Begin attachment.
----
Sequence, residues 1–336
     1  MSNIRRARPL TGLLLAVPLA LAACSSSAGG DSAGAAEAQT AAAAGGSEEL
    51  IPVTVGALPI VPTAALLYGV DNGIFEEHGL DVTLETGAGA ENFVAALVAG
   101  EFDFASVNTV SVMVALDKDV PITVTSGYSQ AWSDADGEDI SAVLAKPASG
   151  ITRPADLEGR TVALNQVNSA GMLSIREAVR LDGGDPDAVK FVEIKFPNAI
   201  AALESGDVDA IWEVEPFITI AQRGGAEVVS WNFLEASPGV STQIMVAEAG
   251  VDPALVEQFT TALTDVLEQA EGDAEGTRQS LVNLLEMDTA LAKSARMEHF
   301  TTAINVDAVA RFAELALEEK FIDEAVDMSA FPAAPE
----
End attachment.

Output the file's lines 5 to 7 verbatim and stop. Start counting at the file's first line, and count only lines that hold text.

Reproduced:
   151  ITRPADLEGR TVALNQVNSA GMLSIREAVR LDGGDPDAVK FVEIKFPNAI
   201  AALESGDVDA IWEVEPFITI AQRGGAEVVS WNFLEASPGV STQIMVAEAG
   251  VDPALVEQFT TALTDVLEQA EGDAEGTRQS LVNLLEMDTA LAKSARMEHF